Discriminant validity
In psychology, discriminant validity tests whether concepts or measurements that are supposed to be unrelated are, in fact, unrelated.

Campbell and Fiske (1959) introduced the concept of discriminant validity within their discussion on evaluating test validity. They stressed the importance of using both discriminant and convergent validation techniques when assessing new tests. A successful evaluation of discriminant validity shows that a test of a concept is not highly correlated with other tests designed to measure theoretically different concepts.

In showing that two scales do not correlate, it is necessary to correct for attenuation in the correlation due to measurement error. It is possible to calculate the extent to which the two scales overlap by using the following formula where is correlation between x and y, is the reliability of x, and is the reliability of y:

Although there is no standard value for discriminant validity, a result less than .85 tells us that discriminant validity likely exists between the two scales. A result greater than .85, however, tells us that the two constructs overlap greatly and they are likely measuring the same thing. Therefore, we cannot claim discriminant validity between them.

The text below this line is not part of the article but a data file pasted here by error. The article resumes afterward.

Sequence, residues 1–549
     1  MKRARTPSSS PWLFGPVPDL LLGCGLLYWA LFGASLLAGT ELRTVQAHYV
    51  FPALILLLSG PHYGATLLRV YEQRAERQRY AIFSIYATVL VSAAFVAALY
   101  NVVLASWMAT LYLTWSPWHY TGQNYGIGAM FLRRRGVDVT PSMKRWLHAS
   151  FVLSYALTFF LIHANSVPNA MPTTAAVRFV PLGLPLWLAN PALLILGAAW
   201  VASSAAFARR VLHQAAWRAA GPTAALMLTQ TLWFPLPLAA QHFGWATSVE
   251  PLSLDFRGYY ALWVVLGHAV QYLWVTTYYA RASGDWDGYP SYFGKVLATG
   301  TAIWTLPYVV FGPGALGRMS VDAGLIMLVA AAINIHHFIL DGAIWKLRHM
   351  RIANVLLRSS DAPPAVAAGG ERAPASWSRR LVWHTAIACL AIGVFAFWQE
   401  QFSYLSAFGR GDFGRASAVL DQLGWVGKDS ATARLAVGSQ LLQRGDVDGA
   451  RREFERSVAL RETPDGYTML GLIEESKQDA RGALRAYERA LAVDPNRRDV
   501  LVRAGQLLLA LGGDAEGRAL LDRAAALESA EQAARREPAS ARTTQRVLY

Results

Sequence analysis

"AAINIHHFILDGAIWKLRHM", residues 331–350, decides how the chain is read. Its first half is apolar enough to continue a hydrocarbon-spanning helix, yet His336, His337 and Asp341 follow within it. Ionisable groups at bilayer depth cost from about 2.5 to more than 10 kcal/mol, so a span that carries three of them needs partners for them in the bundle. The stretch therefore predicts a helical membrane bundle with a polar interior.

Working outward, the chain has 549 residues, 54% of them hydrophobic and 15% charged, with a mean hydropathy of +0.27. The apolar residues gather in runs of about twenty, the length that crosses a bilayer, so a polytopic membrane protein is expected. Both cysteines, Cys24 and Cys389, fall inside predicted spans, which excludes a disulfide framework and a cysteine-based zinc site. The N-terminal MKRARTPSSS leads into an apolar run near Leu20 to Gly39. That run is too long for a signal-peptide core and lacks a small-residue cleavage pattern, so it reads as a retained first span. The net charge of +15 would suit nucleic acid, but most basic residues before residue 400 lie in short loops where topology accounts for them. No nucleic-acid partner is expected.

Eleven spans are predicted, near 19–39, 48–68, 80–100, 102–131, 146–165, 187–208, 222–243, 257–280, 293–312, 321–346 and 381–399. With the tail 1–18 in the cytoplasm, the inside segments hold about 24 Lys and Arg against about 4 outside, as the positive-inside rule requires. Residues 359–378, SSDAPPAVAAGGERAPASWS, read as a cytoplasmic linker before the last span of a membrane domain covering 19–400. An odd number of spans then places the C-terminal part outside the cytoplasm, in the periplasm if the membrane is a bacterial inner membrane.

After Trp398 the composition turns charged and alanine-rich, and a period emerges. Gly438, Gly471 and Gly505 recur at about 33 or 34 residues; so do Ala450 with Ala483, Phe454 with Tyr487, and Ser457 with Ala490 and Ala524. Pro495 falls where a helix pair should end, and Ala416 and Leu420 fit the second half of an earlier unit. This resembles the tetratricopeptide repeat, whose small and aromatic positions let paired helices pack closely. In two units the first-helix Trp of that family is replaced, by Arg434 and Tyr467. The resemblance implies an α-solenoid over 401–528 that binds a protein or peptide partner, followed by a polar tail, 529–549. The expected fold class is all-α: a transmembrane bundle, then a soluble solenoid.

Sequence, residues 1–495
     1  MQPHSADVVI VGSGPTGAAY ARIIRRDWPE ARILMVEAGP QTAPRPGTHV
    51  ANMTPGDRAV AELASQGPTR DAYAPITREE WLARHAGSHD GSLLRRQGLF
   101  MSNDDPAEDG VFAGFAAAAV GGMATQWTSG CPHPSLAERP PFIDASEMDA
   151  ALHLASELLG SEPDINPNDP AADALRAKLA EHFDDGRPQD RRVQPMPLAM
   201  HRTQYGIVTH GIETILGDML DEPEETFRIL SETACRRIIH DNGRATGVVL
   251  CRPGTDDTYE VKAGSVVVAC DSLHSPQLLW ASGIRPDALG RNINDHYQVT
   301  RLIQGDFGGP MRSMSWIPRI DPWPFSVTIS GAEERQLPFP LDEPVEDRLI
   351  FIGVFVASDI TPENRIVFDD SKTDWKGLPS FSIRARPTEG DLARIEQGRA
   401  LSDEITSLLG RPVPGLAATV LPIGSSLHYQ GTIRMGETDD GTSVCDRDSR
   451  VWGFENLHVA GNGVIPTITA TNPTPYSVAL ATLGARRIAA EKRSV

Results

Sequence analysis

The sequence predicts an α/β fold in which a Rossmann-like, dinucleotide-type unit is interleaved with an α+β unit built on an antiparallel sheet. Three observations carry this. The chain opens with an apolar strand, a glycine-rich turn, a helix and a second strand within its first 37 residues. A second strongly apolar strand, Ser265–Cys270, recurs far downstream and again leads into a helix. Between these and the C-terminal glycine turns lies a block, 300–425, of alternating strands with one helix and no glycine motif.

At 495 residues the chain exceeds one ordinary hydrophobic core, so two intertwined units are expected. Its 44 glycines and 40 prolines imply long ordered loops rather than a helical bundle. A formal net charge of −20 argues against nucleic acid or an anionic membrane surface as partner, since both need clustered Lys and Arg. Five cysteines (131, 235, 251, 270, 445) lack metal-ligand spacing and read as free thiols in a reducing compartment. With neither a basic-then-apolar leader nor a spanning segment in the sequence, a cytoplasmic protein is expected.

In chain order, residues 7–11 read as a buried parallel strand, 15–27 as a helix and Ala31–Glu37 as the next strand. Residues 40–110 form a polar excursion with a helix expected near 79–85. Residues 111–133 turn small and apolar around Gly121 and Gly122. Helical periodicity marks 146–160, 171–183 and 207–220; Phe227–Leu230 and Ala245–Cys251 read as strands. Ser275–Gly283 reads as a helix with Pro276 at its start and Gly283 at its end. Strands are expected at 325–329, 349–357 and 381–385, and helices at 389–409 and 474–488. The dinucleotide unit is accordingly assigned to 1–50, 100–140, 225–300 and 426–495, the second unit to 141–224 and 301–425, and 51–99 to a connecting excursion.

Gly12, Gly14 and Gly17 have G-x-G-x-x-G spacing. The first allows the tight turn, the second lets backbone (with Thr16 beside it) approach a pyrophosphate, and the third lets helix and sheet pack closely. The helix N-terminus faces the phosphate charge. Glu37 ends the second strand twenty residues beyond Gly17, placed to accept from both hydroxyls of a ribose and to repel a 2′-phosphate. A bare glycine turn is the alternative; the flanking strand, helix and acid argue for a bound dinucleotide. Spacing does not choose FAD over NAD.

Consider researchers developing a new scale designed to measure Narcissism
Narcissism is a term with a wide range of meanings, depending on whether it is used to describe a central concept of psychoanalytic theory, a mental illness, a social or cultural problem, or simply a personality trait...

. They may want to show discriminant validity with a scale measuring Self-esteem
Self-esteem is a term in psychology to reflect a person's overall evaluation or appraisal of his or her own worth. Self-esteem encompasses beliefs and emotions such as triumph, despair, pride and shame: some would distinguish how 'the self-concept is what we think about the self; self-esteem, the...

. Narcissism and Self-esteem are theoretically different concepts, and therefore it is important that the researchers show that their new scale measures Narcissism and not simply Self-esteem.

First, we can calculate the Average Inter-Item Correlations within and between the two scales:

Narcissism — Narcissism: 0.47
Narcissism — Self-esteem: 0.30
Self-esteem — Self-esteem: 0.52

We then use the correction for attenuation formula:

Since 0.607 is less than 0.85, we can conclude that discriminant validity exists between the scale measuring narcissism and the scale measuring self-esteem. The two scales measure theoretically different constructs.
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